MINIATURES ARE fascinating--we stare in rapture at teeny sofas, tiny beds and itty-bitsy plates when we wouldn't even notice their life-size counterparts. We're completely enchanted by a 4-inch pipe organ that really plays or 1-inch boots that lace up. We marvel at little staircases and wee ovens.
Miniatures are a huge business these days, and almost every miniature is related to a doll house. Victorian or modern, cottage or mansion, bakery or stable, doll houses are still special gifts for little girls, but they are also compelling hobbies for adults.
Although some people buy everything for the well-furnished doll house, most feel that they have to make something-- maybe the house itself, or the curtains. One doll-house book author made ceramic dishes and shaped and welded a set of copper pots for the kitchen. But nothing equals the amazing doll house owned by former silent-film star Colleen Moore that is on display at Chicago's Museum of Science and Industry. Moore commissioned Hollywood set designers and miniaturists to craft the fairy-tale castle and its furniture; two chairs were made using Moore's diamond-and-emerald jewelry.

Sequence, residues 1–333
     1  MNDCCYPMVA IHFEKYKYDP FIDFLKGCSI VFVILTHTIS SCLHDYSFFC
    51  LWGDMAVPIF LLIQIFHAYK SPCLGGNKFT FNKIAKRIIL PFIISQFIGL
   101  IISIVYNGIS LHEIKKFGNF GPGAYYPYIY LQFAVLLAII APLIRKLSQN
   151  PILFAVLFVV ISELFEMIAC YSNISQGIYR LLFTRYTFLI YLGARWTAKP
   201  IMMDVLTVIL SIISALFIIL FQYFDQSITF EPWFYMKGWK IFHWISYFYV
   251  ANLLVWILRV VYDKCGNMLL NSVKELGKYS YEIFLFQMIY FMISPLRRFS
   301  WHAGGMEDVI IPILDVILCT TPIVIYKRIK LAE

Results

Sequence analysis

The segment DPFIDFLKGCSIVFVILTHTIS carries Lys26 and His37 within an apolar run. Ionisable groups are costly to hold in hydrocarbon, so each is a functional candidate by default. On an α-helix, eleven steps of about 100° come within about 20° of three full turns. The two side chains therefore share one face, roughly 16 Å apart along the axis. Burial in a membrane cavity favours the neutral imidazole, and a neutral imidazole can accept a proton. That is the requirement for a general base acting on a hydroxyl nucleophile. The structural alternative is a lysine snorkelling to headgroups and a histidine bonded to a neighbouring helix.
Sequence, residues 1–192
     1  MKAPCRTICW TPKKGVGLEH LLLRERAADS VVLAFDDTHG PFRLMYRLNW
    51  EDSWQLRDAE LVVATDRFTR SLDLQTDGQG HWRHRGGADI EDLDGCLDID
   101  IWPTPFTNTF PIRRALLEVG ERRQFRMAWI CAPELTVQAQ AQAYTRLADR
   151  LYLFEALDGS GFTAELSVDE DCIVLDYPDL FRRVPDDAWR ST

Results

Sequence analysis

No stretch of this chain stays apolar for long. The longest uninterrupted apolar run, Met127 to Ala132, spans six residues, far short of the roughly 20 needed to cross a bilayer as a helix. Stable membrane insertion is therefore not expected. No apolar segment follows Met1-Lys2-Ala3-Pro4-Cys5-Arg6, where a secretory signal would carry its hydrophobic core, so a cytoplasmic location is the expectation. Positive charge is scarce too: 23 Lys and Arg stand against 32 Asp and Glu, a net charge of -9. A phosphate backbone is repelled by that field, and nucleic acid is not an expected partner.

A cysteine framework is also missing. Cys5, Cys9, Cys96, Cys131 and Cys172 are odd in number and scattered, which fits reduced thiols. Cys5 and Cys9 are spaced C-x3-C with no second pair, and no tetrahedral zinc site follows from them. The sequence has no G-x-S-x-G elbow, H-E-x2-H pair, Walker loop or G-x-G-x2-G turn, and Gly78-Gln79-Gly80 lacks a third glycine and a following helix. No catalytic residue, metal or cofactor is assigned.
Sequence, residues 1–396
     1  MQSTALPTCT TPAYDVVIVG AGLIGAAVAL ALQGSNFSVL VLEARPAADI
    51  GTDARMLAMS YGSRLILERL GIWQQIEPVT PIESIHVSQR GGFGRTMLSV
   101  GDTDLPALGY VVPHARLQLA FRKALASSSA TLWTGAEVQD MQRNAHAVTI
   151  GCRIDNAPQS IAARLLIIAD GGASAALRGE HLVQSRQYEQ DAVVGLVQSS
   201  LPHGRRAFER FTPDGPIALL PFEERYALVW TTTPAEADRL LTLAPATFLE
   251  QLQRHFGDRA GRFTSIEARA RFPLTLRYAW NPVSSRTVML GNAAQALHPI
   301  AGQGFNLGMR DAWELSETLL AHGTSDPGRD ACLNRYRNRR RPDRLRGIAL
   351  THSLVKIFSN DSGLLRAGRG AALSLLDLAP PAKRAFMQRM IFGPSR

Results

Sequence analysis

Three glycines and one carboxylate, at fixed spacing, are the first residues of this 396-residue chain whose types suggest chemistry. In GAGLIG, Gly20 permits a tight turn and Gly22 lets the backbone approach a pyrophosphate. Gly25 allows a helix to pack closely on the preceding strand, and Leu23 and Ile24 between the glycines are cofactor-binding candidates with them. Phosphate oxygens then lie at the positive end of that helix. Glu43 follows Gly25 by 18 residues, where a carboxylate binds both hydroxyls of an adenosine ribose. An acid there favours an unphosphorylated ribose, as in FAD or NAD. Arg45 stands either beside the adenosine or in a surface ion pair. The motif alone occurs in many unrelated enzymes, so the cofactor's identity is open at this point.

Perfectly fine doll houses can be made from shoe boxes and orange crates, although most of us might prefer a three-story brownstone or antebellum plantation. Once the shell is made or bought, the fun begins: decorating. Doll house aficionados today can choose from hundreds of items, in stores and mail-order catalogues: hardwood floors, Art Nouveau wallpaper, itty-bitty bathtubs and mini-magazines.